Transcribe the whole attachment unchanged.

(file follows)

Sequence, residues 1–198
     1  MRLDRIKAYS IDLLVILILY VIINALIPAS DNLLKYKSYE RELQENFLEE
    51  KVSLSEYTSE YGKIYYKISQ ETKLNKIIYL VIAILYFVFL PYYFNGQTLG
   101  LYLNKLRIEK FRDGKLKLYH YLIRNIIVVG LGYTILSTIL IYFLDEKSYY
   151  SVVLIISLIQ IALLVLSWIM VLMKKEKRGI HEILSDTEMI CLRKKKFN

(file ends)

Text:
Sequence, residues 1–198
     1  MRLDRIKAYS IDLLVILILY VIINALIPAS DNLLKYKSYE RELQENFLEE
    51  KVSLSEYTSE YGKIYYKISQ ETKLNKIIYL VIAILYFVFL PYYFNGQTLG
   101  LYLNKLRIEK FRDGKLKLYH YLIRNIIVVG LGYTILSTIL IYFLDEKSYY
   151  SVVLIISLIQ IALLVLSWIM VLMKKEKRGI HEILSDTEMI CLRKKKFN